The Gould House

The distinctive appearance of the Gould House reflects the distinctive life of its builder, Amos Gould, a prominent Owosso pioneer. Gould completed construction of the house on its current site in 1860, locating it just south of his prior residence, a frame built house in 1843. The earlier Gould home was subsequently moved to a lot on King Street, where it remains an occupied residence today.

The Gould House was initially constructed in the style of an Italian villa. It was remodeled in 1873 to add a mansard roof, ornate front and side entrances, and its creamy yellow brick, unique among Owosso homes.

Amos Gould came to Owosso, as did several other members of his family, from New York State. Gould would hold many distinguished public offices over the years, including county prosecuting attorney, probate judge, and state senator. When Owosso was incorporated in 1859, Gould became the new city’s first mayor. He organized Owosso’s first bank in 1865, operating at first out of this house. He was among the founders of the First Congregation Church, located on Washington Street two blocks south of his home. Gould held much real estate in Owosso and elsewhere in Michigan, including Gould City, in the Upper Peninsula, where he was heavily invested in the local lumber industry, and which bears his name.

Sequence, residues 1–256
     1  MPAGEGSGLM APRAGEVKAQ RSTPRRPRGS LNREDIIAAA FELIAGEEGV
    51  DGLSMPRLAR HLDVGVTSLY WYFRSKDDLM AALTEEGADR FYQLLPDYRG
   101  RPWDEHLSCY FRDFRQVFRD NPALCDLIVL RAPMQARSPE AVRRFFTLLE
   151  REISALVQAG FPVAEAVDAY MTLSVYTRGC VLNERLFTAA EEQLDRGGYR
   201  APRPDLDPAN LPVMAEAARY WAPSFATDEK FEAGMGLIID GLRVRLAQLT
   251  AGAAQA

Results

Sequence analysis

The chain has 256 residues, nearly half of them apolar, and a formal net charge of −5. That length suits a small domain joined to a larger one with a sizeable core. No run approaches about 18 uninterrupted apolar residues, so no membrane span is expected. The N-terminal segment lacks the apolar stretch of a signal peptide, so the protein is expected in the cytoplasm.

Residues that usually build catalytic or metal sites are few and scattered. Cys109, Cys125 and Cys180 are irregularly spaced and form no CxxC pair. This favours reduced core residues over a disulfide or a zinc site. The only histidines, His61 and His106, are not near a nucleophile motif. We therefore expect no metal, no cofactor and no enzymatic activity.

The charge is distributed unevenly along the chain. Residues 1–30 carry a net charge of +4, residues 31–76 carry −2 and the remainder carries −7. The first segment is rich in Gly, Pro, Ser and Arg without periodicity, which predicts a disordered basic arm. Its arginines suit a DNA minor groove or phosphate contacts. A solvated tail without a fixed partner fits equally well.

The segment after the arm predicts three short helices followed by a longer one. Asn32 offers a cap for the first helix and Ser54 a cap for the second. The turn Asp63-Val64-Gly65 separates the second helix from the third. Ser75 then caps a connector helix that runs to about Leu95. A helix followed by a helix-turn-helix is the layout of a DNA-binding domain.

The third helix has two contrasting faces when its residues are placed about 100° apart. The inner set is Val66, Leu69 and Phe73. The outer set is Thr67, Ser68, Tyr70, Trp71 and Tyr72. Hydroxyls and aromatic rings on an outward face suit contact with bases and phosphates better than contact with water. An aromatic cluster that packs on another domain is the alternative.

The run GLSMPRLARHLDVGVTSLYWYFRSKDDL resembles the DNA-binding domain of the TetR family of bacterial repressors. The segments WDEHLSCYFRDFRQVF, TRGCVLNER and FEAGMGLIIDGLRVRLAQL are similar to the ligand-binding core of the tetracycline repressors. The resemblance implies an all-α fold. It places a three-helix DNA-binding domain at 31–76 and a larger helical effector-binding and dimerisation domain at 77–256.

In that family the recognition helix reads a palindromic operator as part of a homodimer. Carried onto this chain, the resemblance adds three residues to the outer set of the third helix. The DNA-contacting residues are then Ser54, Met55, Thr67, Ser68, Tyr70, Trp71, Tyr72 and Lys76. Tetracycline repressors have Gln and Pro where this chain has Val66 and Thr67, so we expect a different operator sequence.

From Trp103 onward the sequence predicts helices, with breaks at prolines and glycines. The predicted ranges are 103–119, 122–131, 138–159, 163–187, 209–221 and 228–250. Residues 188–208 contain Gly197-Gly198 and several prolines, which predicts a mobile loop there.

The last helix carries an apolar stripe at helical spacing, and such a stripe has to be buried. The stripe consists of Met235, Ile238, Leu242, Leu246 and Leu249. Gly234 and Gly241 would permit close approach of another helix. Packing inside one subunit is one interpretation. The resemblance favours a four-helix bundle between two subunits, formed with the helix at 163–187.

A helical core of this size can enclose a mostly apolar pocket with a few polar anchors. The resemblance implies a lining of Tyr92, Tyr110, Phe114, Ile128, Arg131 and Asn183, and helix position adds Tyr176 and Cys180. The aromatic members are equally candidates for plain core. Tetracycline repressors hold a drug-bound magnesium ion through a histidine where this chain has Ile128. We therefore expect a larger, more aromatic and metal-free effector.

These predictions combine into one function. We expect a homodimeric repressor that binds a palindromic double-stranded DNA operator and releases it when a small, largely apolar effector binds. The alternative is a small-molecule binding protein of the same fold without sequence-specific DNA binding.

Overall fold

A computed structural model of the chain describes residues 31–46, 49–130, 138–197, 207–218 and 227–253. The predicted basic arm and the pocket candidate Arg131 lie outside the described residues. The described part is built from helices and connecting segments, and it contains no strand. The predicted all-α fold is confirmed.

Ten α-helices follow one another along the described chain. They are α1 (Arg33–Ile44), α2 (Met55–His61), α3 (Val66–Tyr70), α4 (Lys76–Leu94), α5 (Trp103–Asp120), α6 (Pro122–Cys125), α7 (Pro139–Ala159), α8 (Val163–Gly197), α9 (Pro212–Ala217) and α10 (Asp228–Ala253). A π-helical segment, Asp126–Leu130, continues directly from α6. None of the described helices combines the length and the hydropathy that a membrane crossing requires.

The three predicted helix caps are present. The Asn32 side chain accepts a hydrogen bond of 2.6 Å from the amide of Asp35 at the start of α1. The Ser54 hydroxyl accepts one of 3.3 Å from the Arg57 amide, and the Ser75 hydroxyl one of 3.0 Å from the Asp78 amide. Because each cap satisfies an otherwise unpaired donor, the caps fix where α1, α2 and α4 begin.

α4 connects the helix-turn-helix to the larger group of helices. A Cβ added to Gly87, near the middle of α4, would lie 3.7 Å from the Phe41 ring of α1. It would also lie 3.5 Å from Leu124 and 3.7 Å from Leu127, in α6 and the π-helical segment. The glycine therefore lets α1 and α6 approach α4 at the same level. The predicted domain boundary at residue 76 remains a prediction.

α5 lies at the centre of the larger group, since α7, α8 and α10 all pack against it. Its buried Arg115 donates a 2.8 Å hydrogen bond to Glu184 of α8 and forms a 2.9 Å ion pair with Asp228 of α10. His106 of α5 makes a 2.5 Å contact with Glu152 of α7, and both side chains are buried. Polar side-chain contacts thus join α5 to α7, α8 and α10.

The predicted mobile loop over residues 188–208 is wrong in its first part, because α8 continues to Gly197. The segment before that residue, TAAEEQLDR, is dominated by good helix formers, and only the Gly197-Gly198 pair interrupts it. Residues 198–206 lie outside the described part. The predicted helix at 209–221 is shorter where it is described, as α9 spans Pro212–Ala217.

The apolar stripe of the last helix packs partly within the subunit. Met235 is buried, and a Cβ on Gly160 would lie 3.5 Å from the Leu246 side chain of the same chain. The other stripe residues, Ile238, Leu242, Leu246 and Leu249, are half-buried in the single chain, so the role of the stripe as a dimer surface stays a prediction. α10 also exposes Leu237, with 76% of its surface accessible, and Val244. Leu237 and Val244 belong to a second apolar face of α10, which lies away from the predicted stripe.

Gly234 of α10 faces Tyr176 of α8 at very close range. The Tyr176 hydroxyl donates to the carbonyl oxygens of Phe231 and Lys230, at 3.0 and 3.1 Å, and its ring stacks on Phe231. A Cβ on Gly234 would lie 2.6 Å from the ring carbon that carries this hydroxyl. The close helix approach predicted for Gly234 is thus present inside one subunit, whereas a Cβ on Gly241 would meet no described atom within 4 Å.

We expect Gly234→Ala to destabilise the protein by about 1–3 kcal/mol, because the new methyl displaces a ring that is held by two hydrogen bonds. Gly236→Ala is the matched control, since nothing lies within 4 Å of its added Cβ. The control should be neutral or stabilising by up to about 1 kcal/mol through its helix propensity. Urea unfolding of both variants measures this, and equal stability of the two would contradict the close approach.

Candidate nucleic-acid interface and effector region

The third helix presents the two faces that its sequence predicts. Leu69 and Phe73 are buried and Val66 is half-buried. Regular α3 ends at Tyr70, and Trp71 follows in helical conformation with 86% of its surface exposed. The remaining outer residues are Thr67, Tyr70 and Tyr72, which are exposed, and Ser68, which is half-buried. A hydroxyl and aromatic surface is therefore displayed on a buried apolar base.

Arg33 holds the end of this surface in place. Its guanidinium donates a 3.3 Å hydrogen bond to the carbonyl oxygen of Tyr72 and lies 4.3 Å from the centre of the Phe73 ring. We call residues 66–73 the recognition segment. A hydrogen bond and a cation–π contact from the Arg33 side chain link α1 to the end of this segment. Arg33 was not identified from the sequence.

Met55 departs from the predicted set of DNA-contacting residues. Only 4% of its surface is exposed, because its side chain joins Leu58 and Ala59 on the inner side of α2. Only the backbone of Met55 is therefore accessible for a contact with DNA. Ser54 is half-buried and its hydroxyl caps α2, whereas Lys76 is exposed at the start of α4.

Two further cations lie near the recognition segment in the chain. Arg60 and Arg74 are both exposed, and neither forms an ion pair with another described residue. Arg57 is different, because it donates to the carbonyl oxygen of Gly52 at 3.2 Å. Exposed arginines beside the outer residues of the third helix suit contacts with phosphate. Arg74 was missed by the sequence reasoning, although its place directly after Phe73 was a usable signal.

Mary Lena, the last member of the Gould family to live in the house, had the upstairs converted into two rental apartments in 1938. The Owosso Historical Commission, representing the City of Owosso, purchased the house from Mrs. Harry Atkinson in 1979. Rental income from the upstairs apartments continues to serve as a source of ongoing, partial support for maintenance of the building.

Many local organizations and businesses have assisted the city and the commission in preserving this outstanding local landmark.